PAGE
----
The US Navy said it was expanding it's eight-week boot camp program to include two more weeks of classes focusing on suicide prevention, sexual assault, hazing and racism.
The change, the first major overhaul in nearly 20 years, comes as the Navy grapples with major shipboard issues over the years that include failures to address sexual assaults, fires and deadly collisions and the rise of extremism within the ranks.
Rear Adm. Jennifer Couture, who heads the Naval Service Training Command, told the Associated Press that the two extra weeks of classes would reinforce the behavior desired in a US naval officer.
We're telling our recruits ... here are all of the things that we expect you to do, and here's how we expect you to behave and act,' she said, adding that it involves treating people with respect and holding peers accountable.
'We believe very strongly that those types of behaviors are directly impacting our fighting readiness and the performance of our sailors.'
The additional two weeks will be devoted to the 'Sailor for Life' course phase where recruits would take in mentorship classes focused on avoiding bad behavior.
It would also train sailors on how to keep levelheaded and respond to life-threatening situations such as fires and collisions.
Couture said the changes came after Navy leaders realized they needed to reinforce training and character development skills following problems in recent years.
The changes were first proposed in 2017 after two ships collided in the Pacific, killing 17 sailors. Years prior, the Navy reported that lack of sleep and preparedness had been causing several crashes out at sea.
Then in 2020, Navy officials found that sweeping failures prevented the saving of the $1.2 billion USS Bonhomme Richard, which burned for five days off the shore of San Diego in July.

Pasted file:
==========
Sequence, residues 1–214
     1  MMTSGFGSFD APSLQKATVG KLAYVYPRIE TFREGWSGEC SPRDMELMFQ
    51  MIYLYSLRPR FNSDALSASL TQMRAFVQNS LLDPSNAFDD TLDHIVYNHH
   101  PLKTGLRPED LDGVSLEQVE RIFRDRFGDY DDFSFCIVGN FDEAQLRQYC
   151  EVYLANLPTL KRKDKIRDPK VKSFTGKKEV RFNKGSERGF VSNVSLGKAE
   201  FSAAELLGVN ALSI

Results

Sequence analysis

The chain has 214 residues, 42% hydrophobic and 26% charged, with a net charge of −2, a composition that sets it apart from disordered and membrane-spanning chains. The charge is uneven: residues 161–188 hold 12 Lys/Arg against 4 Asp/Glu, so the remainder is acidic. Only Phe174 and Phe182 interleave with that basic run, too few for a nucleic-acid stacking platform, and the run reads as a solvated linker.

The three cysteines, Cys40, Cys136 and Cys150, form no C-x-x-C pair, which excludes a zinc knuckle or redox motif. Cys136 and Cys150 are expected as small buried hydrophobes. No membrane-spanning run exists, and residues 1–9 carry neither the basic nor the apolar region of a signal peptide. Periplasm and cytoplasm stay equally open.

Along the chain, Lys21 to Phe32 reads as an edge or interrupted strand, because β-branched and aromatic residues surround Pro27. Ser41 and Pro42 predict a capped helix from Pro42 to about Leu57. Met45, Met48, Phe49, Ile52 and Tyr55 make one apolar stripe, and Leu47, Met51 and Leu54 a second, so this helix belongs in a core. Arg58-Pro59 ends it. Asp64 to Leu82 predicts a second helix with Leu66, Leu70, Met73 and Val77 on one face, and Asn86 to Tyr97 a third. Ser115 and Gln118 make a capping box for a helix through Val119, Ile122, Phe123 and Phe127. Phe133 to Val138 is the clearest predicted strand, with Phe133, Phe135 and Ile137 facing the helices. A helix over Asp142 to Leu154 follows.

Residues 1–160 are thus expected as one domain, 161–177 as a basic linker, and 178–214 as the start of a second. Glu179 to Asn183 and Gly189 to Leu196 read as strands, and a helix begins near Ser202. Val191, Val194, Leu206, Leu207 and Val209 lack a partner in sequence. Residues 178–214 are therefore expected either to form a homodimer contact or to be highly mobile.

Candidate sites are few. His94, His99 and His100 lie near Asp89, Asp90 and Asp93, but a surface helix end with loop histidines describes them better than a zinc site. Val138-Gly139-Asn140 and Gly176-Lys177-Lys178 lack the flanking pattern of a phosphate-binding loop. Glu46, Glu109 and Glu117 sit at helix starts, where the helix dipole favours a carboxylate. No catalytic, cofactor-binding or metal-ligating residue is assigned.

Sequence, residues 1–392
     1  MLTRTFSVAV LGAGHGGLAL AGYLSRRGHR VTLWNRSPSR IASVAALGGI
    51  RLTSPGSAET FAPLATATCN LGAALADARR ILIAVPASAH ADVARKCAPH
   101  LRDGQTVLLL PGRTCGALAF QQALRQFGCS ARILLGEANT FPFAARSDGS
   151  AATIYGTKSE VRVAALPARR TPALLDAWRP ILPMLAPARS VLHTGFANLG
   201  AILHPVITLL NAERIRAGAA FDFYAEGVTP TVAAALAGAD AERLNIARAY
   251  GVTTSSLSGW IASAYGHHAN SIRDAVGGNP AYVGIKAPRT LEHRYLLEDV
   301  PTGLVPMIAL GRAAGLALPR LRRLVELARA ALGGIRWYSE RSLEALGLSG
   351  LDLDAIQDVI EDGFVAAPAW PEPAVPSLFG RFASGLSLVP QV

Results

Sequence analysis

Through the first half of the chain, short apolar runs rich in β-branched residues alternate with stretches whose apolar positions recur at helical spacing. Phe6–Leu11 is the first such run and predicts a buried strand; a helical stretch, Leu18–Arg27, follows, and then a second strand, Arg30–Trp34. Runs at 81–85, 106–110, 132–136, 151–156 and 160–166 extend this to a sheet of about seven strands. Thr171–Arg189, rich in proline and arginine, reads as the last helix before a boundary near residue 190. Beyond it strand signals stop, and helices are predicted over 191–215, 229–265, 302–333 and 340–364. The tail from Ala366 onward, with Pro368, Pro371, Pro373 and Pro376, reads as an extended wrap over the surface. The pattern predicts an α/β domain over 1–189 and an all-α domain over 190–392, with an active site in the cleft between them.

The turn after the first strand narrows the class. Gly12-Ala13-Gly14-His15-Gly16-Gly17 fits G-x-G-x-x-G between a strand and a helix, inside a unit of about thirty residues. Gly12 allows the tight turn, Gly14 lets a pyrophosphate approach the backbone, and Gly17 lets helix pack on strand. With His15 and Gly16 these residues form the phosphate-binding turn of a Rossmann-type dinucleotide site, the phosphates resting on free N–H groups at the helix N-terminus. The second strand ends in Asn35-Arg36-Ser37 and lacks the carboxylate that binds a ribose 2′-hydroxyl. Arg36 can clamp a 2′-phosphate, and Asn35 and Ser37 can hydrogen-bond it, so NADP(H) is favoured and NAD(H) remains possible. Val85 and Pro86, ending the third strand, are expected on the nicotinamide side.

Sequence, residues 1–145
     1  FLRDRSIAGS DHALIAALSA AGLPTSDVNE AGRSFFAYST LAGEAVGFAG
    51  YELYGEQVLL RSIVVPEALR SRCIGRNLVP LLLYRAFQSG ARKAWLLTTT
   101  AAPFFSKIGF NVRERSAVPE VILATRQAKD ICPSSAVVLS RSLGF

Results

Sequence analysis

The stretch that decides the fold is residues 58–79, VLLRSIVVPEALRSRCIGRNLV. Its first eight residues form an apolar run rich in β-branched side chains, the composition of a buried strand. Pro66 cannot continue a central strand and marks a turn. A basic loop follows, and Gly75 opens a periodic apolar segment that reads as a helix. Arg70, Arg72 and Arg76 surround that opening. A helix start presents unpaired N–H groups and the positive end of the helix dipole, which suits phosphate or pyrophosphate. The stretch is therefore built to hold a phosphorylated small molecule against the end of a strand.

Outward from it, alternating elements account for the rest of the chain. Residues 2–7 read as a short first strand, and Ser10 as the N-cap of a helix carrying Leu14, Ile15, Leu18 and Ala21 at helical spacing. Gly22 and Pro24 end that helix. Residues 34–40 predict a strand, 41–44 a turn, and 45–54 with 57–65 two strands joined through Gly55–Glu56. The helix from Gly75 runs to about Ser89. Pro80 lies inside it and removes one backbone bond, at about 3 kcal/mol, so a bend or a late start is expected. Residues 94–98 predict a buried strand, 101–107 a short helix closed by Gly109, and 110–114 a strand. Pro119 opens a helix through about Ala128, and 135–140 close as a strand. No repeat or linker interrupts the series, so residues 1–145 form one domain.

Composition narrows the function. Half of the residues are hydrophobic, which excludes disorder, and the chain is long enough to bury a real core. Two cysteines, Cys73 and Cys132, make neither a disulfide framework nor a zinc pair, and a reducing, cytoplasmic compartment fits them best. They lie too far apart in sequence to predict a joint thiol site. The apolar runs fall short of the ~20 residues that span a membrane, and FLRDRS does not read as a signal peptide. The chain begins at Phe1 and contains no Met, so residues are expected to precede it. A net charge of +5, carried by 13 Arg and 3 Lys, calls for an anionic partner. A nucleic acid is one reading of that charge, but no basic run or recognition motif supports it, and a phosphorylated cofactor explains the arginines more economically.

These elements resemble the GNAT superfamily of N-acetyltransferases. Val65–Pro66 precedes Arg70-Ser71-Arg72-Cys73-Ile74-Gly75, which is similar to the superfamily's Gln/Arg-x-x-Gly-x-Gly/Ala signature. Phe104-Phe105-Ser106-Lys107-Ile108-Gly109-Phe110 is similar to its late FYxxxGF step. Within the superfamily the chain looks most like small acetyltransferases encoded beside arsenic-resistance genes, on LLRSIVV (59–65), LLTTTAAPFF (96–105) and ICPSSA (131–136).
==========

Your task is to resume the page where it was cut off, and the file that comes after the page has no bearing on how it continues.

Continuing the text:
Although the fire was allegedly started by sailor Ryan Sawyer Mays, who faces charges for the crime, Navy investigators said the crew was 'inadequately prepared' to battle the blaze due to lapses in training. DailyMail
“We’re telling our recruits ... here are all of the things that we expect you to do, and here’s how we expect you to behave and act,” she said, adding that it involves treating people with respect and holding peers accountable. “We believe very strongly that those types of behaviors are directly impacting our fighting readiness and the performance of our sailors.”
The military as a whole has been seeing increases in sexual assaults and suicides, prompting congressional criticism and spurring leaders to scramble for ways to address the perennial problems. More recently, the services have been struggling to root out racism and extremism, after a number of former and current service members were involved in the Jan. 6, 2021, insurrection at the U.S. Capitol.
Couture said quite a bit of the added two weeks will involve “life skills” training to address problems such as sexual harassment, sexual assault, hazing and suicide. And the instruction will stress the core Navy values of honor, courage and commitment.
At the same time, she said the additional weeks will also be used to bolster training on how to respond when sailors inevitably face life-threatening situations such as fires, collisions and other mishaps. AP